Common Name: star magnolia
Type: Deciduous shrub
Zone: 4 to 8
Height: 10.00 to 20.00 feet
Spread: 8.00 to 15.00 feet
Bloom Time: March to April
Bloom Description: White
Sun: Full sun to part shade
Suggested Use: Hedge, Flowering Tree
Flower: Showy, Fragrant
Tolerate: Clay Soil
Best grown in moist, organically rich, well-drained loams in full sun to part shade. Best flowering in full sun. Appreciates consistent and even moisture in summer. Generally intolerant of soil extremes (dry or wet). Intolerant of most urban pollutants. Best sited in locations protected from high winds, but generally avoid southern exposures where the buds may be induced to open too early in late winter. Mulch (compost or bark) helps retain soil moisture. Prune only if needed immediately after flowering.
'Waterlily' blooms about 2 weeks later than the species, and accordingly is less susceptible to flower loss from spring frosts.
Magnolia stellata, commonly called star magnolia, is native to Japan. It is a small deciduous tree that typically grows 15-20’ tall with a spreading, rounded crown. It is also often grown as a large oval to rounded shrub. It is noted for its compact size and late winter to early spring bloom of star-shaped white flowers. Each flower typically has 12-18 narrow strap-like tepals.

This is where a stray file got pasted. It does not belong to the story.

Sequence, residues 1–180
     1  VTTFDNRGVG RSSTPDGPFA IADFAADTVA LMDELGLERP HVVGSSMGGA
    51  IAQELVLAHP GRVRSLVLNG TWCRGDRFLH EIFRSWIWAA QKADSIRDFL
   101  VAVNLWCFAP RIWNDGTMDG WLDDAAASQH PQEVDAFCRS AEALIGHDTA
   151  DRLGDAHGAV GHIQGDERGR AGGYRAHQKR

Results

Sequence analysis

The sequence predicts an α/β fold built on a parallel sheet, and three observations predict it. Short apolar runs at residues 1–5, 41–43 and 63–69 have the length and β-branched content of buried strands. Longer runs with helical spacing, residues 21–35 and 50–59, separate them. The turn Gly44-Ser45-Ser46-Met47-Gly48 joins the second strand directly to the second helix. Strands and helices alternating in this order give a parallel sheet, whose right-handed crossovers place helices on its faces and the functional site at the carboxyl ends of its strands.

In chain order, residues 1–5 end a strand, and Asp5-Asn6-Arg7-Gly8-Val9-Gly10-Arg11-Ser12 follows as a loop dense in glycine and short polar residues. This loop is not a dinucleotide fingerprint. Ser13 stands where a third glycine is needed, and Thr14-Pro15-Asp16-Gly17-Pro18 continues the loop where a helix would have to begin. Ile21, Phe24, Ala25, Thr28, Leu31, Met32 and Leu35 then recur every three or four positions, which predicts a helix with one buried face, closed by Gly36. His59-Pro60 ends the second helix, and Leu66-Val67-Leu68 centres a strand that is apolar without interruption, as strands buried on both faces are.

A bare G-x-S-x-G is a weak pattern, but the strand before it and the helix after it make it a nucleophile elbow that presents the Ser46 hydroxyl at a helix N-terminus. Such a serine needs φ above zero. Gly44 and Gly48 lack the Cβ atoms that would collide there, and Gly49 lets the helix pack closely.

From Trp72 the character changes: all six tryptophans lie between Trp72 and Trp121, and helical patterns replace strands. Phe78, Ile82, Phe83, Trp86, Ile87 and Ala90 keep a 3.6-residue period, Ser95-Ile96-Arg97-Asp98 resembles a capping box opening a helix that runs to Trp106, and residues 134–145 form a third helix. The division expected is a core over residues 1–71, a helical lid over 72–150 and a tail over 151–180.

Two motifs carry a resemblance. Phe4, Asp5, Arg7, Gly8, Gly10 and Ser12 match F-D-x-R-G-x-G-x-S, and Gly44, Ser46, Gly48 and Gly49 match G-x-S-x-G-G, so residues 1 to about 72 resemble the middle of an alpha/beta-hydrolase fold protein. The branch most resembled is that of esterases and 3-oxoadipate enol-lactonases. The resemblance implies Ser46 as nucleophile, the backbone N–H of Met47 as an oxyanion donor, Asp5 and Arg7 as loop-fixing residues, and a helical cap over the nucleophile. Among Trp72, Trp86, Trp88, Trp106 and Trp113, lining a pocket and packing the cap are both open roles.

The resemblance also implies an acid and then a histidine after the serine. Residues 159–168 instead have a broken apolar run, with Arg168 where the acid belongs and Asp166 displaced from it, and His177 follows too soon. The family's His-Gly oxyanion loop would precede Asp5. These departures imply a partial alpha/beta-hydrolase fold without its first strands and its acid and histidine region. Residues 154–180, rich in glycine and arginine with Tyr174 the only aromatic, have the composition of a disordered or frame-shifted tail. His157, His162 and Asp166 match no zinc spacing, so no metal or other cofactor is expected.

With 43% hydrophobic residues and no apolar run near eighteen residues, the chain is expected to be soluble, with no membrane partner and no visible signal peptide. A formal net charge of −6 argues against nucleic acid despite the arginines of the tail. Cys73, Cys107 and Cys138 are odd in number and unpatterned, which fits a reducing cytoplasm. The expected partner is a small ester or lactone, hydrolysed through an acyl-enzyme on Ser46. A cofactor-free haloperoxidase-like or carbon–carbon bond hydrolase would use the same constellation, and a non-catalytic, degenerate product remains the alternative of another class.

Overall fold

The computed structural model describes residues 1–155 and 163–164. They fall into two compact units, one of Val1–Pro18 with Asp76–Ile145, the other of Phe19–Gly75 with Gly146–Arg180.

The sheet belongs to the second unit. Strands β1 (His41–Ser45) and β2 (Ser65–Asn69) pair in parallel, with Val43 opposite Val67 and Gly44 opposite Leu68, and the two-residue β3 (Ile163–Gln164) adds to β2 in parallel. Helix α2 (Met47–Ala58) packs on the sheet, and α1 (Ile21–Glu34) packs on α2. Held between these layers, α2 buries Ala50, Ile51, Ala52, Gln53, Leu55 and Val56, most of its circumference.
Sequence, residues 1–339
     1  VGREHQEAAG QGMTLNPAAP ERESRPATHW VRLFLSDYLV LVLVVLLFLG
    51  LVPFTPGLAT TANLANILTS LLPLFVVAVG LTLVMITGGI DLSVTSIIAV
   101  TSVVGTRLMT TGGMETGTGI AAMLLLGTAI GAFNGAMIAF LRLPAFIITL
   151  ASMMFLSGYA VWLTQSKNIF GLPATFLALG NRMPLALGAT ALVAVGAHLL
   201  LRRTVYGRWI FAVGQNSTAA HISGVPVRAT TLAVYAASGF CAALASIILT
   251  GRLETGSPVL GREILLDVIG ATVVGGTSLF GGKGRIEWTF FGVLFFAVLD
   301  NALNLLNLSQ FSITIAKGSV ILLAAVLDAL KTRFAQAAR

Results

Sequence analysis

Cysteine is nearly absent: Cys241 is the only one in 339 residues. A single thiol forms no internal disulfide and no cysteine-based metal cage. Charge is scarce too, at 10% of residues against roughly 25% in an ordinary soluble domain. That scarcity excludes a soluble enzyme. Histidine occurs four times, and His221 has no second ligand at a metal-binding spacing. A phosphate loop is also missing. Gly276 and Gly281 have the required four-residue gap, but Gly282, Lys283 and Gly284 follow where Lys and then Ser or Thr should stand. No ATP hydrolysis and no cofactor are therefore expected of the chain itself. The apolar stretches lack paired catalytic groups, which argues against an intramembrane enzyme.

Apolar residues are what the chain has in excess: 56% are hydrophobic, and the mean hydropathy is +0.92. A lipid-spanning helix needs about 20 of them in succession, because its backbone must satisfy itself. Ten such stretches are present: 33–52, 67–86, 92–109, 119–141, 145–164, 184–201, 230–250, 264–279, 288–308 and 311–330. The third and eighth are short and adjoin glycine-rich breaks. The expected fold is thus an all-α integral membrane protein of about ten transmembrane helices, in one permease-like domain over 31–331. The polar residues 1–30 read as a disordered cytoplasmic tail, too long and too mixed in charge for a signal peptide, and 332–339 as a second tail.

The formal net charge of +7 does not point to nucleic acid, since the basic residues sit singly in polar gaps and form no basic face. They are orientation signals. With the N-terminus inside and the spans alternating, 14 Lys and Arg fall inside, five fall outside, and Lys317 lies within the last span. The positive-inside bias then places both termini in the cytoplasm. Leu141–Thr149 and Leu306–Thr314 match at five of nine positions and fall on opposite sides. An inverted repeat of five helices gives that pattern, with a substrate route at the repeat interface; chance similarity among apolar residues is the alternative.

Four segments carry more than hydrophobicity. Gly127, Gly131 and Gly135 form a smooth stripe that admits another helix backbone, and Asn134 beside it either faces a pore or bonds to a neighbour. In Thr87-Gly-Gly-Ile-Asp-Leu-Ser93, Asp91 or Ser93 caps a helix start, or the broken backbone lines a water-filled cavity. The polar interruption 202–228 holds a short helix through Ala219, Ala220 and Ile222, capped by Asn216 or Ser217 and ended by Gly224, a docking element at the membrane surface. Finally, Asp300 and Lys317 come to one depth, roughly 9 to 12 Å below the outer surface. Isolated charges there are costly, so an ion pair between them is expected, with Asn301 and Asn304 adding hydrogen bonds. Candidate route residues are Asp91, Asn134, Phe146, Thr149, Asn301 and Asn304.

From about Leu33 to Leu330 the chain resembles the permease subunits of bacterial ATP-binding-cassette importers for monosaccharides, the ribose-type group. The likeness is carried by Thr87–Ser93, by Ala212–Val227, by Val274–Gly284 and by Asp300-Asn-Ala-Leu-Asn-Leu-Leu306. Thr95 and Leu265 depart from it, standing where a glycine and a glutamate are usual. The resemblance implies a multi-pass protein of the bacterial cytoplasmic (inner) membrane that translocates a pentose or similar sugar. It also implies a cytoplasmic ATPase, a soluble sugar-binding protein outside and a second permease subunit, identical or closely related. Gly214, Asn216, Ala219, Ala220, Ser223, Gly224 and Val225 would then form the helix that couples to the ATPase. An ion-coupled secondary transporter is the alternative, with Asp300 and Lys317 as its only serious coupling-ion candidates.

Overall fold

Magnolia stellata is synonymous with Magnolia kobus var. stellata.
Genus name honors Pierre Magnol, French botanist (1638-1715).
Specific epithet is in reference to the star-like shape of the flower.
'Waterlily' has slightly larger flowers that have more numerous tepals (sometimes to 36) and are less floppy, resulting in a waterlily-like appearance (hence the cultivar name). Obovate to narrow-elliptic dark green leaves (2-4” long) are attractive throughout the growing season. Fall color ranges from respectable gold to mediocre brownish-yellow. Red seeds form in greenish pods that split open in fall.
No serious insect or disease problems. Frost damage to flowers in spring is a concern.
Beautiful specimen flowering tree or shrub for lawns, foundations, shrub borders or woodland peripheries. May be grown as a tall informal hedge.